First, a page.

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January 2019    Dennis R. DuBe'     728/3173


Self Documentation in the Web Age
     
          Roger Wade, PhD. #3173   Created   Updated 02/11/2016

One thing I have noticed about many techy types, and even many of those not imbibing quite as much in the high tech intoxications, is that they are very into documenting their own existence. Facebook being one of the primary venues for this personal record keeping. Accumulating mementoes of personhood is certainly not a new phenomenon. Probably the earliest of the species began to create hand prints on cave walls with some hope of being remembered. Our grand parents did it a bit, family bibles, the rare photo, etc. Our parents with better and cheaper technology created far deeper records of their existence. Snapping family photos with the Browny was a rage. But now there is deluge of personal data being archived. Much of this is occurring on line.

For example, just the other day I went on line to see what I could find out about a woman academic that I had been referred to. I ended up on her website. It was filled with the usual lengthy list of citations of articles written by her, but it also held something new to me, a list of several talks she has given over the years. Click on one and see her in action. I did, and spent about an hour finding out a great deal about her work, and at the same time forming a set of impressions about her as a person. It was great. There were at least ten videos, all it seemed about similar in length. I demurred further exploration, at least for the time being. Wow, I thought this is great. And then the notion popped through to wonder how all of this evidence of our existence may be changing us.

You can readily see the marketing value of her website. So much about her there to see, hear, and read. But as i was thinking that on my left shoulder appeared Karl Marx asking, "what are the impacts on people who treat themselves as a product in the market place? Karl, the old bully, would probably scream, She is Turning herself into an object. She is smashing her own humanity. Stinking capitalism! Well strident Karl aside I must admit I get a shiver when I hear someone refer to themselves as a brand. Cute but....

Why the attraction? What leads so many people to spend so much time posting the trivia of their lives? Several possible answers come to mind. Social pressure from real friends can lead one to respond in kind to their postings, and once in the habit, we might then be open to sending our info to friends of friends, Facebook friends, etc. It could also be that many people feel alone and unnoticed. If on line is a shallow form of interaction it may be seen as better than little or none. I suppose I could imagine still other possible explanations. But, though I could help thinking it I won't, so I wonder if this doesn't represent the ages old wish for immortality in a modern less mythical guise. Few of us, even among the believers in the existence of a world beyond this filled with immortals, have ever been able to realistically aspire to such a supreme state, at least not openly. Recall what happened to the pretentious Joan of Arc. Just a few great heroes could rise to the status of having their images preserved in stone and paint. But how many people carried such hopes in their hearts? Now in more secular times we still hope to attain the vanilla version of immortality. Many seek to reach the status of that stepchild of divine ascendancy, to be remembered by "history".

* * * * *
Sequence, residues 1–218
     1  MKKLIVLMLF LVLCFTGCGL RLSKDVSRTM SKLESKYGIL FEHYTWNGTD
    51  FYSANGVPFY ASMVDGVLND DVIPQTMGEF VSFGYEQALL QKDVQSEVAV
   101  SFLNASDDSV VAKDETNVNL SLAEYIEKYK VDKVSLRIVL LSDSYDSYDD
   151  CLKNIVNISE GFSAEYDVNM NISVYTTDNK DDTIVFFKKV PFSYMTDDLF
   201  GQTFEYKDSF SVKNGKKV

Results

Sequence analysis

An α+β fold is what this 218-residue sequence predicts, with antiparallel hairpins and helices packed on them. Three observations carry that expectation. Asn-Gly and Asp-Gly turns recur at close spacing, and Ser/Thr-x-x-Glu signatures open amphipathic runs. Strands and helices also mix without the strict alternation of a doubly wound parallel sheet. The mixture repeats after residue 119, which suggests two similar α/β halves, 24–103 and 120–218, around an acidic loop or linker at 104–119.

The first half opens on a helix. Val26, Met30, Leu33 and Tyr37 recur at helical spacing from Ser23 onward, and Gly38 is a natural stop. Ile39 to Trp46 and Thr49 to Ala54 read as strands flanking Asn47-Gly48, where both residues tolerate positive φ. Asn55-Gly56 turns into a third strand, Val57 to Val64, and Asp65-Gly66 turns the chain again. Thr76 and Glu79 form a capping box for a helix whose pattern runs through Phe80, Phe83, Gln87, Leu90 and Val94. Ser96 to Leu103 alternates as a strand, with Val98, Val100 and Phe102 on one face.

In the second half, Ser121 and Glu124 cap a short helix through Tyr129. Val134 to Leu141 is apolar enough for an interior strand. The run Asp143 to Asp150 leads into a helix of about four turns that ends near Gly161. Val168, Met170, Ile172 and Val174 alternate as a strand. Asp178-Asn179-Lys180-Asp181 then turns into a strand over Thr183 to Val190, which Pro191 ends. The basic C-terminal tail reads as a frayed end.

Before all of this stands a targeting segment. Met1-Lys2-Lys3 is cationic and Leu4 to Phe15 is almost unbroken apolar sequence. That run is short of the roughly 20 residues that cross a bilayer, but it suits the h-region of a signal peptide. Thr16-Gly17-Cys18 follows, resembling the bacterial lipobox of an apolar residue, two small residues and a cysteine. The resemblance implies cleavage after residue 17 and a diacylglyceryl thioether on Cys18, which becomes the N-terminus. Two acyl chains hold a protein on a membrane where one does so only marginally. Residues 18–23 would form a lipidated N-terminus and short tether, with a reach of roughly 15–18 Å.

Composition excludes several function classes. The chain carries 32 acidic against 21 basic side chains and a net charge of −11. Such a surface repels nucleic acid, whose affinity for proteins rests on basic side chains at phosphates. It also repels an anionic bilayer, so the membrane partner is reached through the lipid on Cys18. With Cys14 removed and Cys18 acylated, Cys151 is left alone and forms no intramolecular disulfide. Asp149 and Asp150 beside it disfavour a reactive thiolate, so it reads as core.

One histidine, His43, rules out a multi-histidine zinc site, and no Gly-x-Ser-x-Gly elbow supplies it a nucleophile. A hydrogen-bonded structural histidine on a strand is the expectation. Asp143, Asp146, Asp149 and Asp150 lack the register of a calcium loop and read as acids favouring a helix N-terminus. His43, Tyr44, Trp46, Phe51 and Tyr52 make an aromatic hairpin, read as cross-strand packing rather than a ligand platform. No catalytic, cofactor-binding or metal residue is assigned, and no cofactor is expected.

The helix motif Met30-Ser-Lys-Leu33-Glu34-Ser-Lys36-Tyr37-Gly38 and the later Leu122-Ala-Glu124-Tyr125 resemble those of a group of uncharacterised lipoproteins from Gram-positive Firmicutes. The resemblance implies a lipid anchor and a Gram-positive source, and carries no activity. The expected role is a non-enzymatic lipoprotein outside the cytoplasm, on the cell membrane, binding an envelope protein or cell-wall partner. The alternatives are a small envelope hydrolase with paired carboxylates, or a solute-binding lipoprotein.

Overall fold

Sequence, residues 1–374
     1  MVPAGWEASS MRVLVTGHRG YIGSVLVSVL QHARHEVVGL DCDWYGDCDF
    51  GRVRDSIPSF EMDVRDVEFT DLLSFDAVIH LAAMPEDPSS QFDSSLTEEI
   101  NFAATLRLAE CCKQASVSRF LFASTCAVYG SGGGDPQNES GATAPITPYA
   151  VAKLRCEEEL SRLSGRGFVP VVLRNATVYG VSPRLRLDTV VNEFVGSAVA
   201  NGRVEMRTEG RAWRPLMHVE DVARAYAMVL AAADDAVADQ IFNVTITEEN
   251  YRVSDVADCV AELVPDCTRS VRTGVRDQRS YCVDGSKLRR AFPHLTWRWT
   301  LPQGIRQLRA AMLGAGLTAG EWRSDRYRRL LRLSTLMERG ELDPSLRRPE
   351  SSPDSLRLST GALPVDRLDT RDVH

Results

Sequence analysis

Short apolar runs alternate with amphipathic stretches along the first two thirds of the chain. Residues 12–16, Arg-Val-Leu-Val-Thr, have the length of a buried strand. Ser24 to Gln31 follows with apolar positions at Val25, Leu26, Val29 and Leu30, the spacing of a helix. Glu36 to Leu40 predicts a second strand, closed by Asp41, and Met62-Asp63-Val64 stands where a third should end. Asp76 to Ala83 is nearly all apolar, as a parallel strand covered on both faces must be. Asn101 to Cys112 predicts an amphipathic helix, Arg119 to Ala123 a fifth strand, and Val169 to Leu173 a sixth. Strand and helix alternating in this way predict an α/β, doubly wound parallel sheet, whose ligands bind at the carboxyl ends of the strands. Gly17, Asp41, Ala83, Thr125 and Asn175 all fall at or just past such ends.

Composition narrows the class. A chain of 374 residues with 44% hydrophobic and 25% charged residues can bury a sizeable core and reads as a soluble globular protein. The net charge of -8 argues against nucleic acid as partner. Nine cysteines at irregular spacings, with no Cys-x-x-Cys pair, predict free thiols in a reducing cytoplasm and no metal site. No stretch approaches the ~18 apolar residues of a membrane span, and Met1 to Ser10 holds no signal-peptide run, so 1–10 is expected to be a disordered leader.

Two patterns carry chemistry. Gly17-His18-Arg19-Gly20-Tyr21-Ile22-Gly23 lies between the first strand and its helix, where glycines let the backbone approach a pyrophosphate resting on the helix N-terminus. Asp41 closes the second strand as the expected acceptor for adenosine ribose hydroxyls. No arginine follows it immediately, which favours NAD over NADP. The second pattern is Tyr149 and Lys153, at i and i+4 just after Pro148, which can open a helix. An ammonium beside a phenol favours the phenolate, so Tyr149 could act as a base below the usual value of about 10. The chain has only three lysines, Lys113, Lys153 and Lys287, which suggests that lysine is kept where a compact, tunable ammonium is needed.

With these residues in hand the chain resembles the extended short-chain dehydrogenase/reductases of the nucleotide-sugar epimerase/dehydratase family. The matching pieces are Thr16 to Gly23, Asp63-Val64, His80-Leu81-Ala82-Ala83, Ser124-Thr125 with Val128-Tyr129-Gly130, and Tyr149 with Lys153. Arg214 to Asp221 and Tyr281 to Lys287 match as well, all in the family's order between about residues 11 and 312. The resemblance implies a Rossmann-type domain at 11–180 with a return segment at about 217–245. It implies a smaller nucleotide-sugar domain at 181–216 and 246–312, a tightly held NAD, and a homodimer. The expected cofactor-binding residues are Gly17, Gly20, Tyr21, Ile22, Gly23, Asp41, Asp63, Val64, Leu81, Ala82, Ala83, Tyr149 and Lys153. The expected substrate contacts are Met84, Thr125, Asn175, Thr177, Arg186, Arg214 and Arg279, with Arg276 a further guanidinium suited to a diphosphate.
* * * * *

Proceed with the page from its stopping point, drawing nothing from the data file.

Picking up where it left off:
Does Facebook represent the democratization of ancient aspirations? Is the motivation that leads so many to spend so much time posting trivia about their lives a still very spunky desire to overcome death, add meaning to our lives, and live in some form or other for ever? Now believe me I don't mean to raise these possibilities in a bad way. They are understandable motifs and hopes even though Facebook is not likely to fill the nihilist hole in our lives.

Motivations for participating in this massive data accumulation aside there are several ripe questions to be plucked from the self adorned on line self. One is, how do people shape their on line images. Are their types that people try to generate in order to appear lovable, important, humane, whatever? Are their interesting ways posters strive for attention? Does participation in accumulating self data change the way we see ourselves, change the way we see others, change the way we see humans? Do people from different cultures, and subcultures post different things about themselves, or not? Is self esteem changed by posting? What are the limits to self exposure? What if any are our limits for personal trivia? I could go on.



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